Repository logo

Context-Dependent Utilities A Solution to the Problem of Constant Acts in Savage

Accepted version


Book chapter

Change log


Gaifman, Haim 


Savage’s framework of subjective preference among acts provides a paradigmatic derivation of rational subjective probabilities within a more general theory of rational decisions. The system is based on a set of possible states of the world, and on acts, which are functions that assign to each state a consequence. The representation theorem states that the given preference between acts is determined by their expected utilities, based on uniquely determined probabilities (assigned to sets of states), and numeric utilities assigned to consequences. Savage’s derivation, however, is based on a highly problematic well-known assumption not included among his postulates: for any consequence of an act in some state, there is a “constant act” which has that consequence in all states. This ability to transfer consequences from state to state is, in many cases, miraculous – including simple scenarios suggested by Savage as natural cases for applying his theory. We propose a simplification of the system, which yields the representation theorem without the constant act assumption. We need only postulates P1-P6. This is done at the cost of reducing the set of acts included in the setup. The reduction excludes certain theoretical infinitary scenarios, but includes the scenarios that should be handled by a system that models human decisions.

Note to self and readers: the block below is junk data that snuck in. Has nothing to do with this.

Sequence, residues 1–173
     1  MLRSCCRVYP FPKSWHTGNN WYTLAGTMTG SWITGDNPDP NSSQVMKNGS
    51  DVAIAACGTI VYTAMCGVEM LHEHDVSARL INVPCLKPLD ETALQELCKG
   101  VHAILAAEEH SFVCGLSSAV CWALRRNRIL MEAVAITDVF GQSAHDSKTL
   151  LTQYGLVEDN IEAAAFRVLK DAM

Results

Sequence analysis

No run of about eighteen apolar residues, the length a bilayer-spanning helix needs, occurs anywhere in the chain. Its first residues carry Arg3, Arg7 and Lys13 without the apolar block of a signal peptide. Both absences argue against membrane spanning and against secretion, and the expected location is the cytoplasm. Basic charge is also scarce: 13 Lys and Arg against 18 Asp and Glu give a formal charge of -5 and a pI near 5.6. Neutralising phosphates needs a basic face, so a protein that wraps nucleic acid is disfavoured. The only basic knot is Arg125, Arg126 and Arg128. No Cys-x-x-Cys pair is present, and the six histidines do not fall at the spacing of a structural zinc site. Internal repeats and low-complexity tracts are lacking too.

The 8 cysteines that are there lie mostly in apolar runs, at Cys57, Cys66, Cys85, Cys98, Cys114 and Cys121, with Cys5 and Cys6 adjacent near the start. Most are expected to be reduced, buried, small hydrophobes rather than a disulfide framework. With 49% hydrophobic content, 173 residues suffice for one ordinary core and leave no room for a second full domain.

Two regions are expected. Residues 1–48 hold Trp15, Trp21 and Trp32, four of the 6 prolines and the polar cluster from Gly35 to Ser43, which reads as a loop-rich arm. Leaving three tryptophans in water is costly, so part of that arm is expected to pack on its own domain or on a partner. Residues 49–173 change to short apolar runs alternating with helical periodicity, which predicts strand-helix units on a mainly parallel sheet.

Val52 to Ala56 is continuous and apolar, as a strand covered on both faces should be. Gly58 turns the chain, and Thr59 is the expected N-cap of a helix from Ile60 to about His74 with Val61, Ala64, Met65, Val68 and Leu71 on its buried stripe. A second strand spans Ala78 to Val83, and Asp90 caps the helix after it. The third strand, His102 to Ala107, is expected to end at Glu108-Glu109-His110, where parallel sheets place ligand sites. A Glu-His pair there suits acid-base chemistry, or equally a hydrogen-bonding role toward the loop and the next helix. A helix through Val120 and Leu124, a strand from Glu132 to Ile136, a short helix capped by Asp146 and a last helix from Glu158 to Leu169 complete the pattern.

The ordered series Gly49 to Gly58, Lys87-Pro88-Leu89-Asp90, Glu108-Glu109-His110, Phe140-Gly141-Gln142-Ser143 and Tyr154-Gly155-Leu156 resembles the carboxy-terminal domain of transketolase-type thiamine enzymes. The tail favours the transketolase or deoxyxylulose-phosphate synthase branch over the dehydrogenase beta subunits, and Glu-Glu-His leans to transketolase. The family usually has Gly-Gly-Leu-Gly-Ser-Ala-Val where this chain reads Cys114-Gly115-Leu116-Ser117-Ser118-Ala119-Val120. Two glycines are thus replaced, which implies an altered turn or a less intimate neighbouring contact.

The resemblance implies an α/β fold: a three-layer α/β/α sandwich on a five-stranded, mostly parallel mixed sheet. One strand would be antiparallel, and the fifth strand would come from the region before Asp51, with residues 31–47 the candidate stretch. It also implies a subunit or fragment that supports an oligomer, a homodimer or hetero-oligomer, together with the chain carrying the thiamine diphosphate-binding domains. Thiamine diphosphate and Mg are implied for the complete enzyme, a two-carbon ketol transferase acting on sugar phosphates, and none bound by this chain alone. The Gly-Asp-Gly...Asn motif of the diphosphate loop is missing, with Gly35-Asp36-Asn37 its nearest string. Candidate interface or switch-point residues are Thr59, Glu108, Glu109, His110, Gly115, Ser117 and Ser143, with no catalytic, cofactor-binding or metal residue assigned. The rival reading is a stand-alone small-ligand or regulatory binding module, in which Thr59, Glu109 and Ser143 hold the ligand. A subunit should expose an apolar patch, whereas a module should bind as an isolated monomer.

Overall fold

Context-Dependent Utilities A Solution to the Problem of Constant Acts in Savage


subjective expected utility, Savage's postulates, constant acts, context-dependent decision making

Is Part Of

Logic, Rationality, and Interaction

Book type


Springer Berlin Heidelberg


Templeton World Charity Foundation (TWCF) (177155)